Jutra, Claude

 Claude Jutra, director (b at Montréal 11 March 1930; d at Cap-Santé, Que 5 Nov 1986). This doctor who never practised medicine is especially known for having produced in 1984 MON ONCLE ANTOINE (1971), classified as the best Canadian film of all time. After an amateur debut with his friend Michel BRAULT, he joined the NATIONAL FILM BOARD (NFB) in 1956, and there directed several short films, including some for television. He also collaborated with Norman MCLAREN on A Chairy Tale (1957). His first feature film, Les Mains nettes, dates from 1958. In 1959, he left for Europe, striking up friendships with François Truffaut, who helped in the production of Anna la bonne (1959), and Jean Rouch, who encouraged him to shoot Le Niger, jeune république (1961), in Africa. Once back, he returned to his job with the NFB's French crew and participated in the first steps of direct cinema notably with La Lutte (co-directed with M. Brault, Marcel Carrière, Claude Fournier, 1961) and Québec U.S.A. ou l'invasion pacifique (co-dir. M. Brault, 1962).

Jutra then left the NFB to tackle his first independent full-length feature À TOUT PRENDRE (1963). This autobiography in fictional guise broached such subjects as interracial love, homosexuality, and bohemian life, and launched the new Quebec cinema. After shooting several shorts and a full-length feature, Wow (1969), all at the NFB, he directed Mon oncle Antoine, which takes place in a small mining town in the late 1950s, on Christmas Eve, and sensitively presents a young man approaching adulthood. The film was the recipient of numerous prizes that earned Jutra a solid reputation as a filmmaker. He then tackled a far-reaching co-production, Kamouraska (1973), based on Anne HÉBERT's novel, but it failed to meet expectations, and did not satisfy the director. In 1983, Jutra would remake a long version that conformed to his wishes. Following this disappointment, Jutra shot Pour le meilleur et pour le pire (1975), a comedy about marriage. His plans did not materialize, and Jutra left to work for the English network of Radio-Canada. His films Ada (1977), Dreamspeaker (1977), Seer Was Here (1978) and The Wordsmith (1979) rank among the best Canadian films for TV.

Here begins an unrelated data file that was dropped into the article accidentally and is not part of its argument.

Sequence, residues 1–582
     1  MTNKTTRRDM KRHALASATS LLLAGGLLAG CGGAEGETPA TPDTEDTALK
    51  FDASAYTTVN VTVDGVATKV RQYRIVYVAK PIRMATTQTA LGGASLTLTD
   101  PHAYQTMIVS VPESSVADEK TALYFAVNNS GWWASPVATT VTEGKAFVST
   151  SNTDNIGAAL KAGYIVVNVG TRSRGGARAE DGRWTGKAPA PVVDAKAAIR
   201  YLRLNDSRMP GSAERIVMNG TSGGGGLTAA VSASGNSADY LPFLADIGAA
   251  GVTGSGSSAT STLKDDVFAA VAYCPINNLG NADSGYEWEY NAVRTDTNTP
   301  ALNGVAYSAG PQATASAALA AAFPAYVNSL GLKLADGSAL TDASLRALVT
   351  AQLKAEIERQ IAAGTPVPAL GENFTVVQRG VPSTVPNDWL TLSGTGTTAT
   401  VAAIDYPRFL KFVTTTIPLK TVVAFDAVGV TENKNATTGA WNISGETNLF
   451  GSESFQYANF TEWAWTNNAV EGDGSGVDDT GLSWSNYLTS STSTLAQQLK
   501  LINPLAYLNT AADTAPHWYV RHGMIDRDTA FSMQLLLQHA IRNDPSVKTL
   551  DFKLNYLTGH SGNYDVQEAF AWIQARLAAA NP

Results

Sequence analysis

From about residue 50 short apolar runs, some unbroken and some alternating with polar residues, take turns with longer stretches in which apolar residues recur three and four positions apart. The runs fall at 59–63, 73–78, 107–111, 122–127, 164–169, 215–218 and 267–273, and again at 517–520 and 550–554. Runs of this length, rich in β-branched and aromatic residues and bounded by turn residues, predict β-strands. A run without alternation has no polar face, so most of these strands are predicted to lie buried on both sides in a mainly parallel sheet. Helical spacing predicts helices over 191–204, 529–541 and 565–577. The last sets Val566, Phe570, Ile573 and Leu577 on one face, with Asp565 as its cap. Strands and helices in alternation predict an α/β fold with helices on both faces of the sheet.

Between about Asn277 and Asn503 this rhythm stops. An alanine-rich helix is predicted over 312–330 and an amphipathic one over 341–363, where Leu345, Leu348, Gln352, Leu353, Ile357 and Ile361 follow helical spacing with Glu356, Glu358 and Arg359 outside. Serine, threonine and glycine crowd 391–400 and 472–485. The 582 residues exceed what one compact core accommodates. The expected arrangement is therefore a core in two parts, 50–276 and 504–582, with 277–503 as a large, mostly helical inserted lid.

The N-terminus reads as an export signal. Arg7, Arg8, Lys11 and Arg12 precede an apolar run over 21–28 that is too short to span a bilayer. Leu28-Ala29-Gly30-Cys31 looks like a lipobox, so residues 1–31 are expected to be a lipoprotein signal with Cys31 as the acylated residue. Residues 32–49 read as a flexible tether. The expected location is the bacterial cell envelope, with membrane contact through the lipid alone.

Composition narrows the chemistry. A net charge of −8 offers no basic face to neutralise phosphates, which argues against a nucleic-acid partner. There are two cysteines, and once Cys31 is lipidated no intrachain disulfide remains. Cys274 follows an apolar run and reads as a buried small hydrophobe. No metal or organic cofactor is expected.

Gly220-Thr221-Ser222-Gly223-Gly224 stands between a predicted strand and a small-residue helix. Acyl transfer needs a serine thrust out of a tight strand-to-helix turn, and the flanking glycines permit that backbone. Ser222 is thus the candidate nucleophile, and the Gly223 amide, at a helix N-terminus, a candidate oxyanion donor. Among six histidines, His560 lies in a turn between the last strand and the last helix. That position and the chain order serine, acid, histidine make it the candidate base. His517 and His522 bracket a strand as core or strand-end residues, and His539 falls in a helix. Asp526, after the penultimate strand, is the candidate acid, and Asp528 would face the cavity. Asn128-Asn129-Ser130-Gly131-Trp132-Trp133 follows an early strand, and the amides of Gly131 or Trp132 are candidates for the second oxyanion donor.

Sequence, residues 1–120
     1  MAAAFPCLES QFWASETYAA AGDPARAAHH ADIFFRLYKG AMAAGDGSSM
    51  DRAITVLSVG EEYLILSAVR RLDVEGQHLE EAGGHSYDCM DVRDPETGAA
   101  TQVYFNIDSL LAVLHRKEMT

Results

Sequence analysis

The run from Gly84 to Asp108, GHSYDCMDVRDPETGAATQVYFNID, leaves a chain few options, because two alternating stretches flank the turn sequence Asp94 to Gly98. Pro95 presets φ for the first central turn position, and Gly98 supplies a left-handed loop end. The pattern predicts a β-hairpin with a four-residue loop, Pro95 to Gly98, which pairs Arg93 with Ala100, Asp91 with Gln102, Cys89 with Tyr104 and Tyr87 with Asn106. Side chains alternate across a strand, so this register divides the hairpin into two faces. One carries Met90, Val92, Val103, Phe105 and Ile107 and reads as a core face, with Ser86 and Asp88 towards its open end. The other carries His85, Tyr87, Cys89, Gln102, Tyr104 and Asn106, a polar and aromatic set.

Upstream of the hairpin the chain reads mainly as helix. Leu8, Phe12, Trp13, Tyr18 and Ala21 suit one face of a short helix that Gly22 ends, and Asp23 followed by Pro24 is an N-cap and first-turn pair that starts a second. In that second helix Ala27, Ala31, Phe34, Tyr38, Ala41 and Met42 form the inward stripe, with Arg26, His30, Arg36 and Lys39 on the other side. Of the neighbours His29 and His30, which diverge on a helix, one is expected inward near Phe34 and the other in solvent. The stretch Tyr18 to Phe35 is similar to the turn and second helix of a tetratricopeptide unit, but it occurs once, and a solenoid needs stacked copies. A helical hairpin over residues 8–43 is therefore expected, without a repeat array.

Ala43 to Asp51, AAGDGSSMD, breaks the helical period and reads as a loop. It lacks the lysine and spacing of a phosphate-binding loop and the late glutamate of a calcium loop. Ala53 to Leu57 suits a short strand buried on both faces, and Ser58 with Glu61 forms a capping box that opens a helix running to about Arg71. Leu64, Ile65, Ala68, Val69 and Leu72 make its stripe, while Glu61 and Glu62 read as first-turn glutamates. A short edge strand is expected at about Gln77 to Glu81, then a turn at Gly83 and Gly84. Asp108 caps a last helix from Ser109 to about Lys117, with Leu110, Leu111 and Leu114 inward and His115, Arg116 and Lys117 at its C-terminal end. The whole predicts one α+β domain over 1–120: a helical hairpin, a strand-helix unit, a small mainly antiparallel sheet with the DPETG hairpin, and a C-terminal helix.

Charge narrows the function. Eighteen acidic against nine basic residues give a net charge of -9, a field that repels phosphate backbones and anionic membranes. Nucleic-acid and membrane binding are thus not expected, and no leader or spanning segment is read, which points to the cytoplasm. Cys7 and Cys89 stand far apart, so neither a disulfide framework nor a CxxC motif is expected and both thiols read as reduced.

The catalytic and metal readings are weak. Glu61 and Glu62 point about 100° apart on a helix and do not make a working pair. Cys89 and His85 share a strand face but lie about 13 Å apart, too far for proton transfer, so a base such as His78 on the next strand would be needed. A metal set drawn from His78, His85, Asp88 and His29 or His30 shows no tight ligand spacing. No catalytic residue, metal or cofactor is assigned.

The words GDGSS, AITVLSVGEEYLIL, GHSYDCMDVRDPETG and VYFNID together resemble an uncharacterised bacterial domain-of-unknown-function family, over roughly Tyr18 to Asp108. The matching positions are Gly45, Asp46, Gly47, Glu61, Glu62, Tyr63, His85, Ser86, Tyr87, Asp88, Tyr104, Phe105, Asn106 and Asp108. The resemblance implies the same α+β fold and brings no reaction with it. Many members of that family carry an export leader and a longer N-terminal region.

He returned to cinema with Surfacing (1980), from the novel by Margaret ATWOOD, and By Design (1981), shot in Vancouver. In this humorous portrayal of two lesbians, his enthusiasm, sensitivity and irony showed through. He returned to Québec to direct La Dame en couleurs (1984), which took place in a 1940s orphanage. That year he won the prix Albert-tessier. Likely suffering from the Alzheimer's disease that had undermined him for several years, he took his own life in 1986, and his body was found in the St Lawrence River at Cap-Santé (Québec) on 19 April 1987. Jutra occupies a major place in Québec cinema, as much for the originality of his work as for his fate, and several locations in Québec and Canada, as well as prizes and scholarships bear his name.